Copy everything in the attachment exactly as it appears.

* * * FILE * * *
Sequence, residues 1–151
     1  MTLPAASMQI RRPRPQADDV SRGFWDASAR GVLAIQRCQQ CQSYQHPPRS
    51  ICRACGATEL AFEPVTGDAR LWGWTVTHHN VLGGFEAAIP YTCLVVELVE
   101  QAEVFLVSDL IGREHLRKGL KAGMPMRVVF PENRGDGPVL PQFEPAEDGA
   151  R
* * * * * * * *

Sequence, residues 1–151
     1  MTLPAASMQI RRPRPQADDV SRGFWDASAR GVLAIQRCQQ CQSYQHPPRS
    51  ICRACGATEL AFEPVTGDAR LWGWTVTHHN VLGGFEAAIP YTCLVVELVE
   101  QAEVFLVSDL IGREHLRKGL KAGMPMRVVF PENRGDGPVL PQFEPAEDGA
   151  R